Believed to have been founded by the Phoenicians, its cathedral and ruined red sandstone castle remind visitors of its rich and industrious Moorish past, which came to an end after a three-month siege led by King Sancho I in 1189.
In the days of the Moors, Silves was known as Xelb, capital of Al-faghar, the Moorish province of the Algarve. Its population of 30,000 ‘spoke pure Arabic, wrote poetry and were elegant in manner and speech’, according to the Arab chronicler Idrisi.
Silves boasts one of the best-preserved castles in southern Portugal. Built on the site of the 11th-century Palace of the Verandahs, its turreted walls dominate the town and provide panoramic views over the surrounding countryside.
Built on the site of a former mosque, the town’s 13th-century Gothic cathedral contains a number of Crusader tombs and a jasper statue of Nossa Senhora da Conceição, which is believed to date from the 14th century.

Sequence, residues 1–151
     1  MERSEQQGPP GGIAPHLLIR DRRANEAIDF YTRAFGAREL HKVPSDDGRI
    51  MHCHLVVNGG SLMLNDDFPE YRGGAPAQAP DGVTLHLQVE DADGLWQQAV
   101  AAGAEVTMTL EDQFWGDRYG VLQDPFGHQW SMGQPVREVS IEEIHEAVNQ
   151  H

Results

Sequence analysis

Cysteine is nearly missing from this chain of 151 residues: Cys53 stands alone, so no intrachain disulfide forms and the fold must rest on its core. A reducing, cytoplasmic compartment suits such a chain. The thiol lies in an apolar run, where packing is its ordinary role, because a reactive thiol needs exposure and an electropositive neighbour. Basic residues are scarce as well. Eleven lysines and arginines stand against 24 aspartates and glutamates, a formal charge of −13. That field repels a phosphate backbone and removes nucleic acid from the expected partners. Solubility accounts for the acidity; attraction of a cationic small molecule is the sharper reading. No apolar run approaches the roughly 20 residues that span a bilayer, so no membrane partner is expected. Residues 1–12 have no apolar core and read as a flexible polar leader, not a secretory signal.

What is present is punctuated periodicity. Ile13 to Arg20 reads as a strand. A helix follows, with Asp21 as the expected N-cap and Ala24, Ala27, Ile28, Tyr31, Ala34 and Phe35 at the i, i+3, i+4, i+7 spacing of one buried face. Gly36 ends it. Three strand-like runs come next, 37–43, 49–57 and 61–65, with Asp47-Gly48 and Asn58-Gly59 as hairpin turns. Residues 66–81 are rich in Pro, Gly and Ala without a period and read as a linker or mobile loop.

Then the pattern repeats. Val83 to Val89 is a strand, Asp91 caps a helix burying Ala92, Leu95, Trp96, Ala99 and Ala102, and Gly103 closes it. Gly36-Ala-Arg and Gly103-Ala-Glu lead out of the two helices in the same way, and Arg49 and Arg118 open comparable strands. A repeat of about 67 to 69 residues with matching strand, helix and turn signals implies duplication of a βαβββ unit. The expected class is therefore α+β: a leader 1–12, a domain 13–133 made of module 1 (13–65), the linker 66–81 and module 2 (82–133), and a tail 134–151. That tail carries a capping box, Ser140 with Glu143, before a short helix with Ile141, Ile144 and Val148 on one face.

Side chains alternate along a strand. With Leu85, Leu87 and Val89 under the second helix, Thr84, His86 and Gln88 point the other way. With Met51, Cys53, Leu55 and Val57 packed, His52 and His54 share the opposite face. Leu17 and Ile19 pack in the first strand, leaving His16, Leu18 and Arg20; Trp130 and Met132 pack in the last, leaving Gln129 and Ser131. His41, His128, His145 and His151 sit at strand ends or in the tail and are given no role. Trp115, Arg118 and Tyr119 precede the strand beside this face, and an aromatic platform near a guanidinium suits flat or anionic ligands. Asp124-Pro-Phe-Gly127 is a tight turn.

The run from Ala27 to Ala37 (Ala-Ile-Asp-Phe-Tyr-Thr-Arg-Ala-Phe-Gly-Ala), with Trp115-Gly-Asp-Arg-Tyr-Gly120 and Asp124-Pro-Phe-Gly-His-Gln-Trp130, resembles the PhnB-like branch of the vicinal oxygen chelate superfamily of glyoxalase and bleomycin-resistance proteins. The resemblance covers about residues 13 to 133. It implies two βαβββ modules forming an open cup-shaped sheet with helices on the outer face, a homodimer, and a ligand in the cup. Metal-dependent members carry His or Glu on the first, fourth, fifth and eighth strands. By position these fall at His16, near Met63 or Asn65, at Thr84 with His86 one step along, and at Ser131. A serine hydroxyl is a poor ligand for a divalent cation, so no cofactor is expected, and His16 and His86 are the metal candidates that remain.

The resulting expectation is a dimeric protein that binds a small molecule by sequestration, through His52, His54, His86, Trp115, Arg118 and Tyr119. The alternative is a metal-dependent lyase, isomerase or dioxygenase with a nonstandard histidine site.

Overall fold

The archaeological museum located downhill houses Stone and Iron Age tools and surgical instruments from the 5th, 6th and 7th centuries.
Some 10 km north-east of Silves is the Barragem do Arade, one of the Algarve’s main reservoirs. Visitors to this peaceful spot can swim, enjoy a picnic or hire a canoe for the afternoon.
Nearby, São Bartholomeu de Messines is a quiet country town with an old parish church. Alte, located 28 km east of Silves, is widely described as the prettiest village in the Algarve. It is also famous for its lively Saturday market and folk-dancing traditions.
Eroded into natural tunnels, arches and grottoes, the cliffs at Ponte da Piedade 3 km from Lagos offer a marine fantasy world for people visiting the region.
A long drive west of Lagos is Sagres, a town best known for its associations with Prince Henry the Navigator, whose single purpose was to spur men to discover Africa, India and the Far East.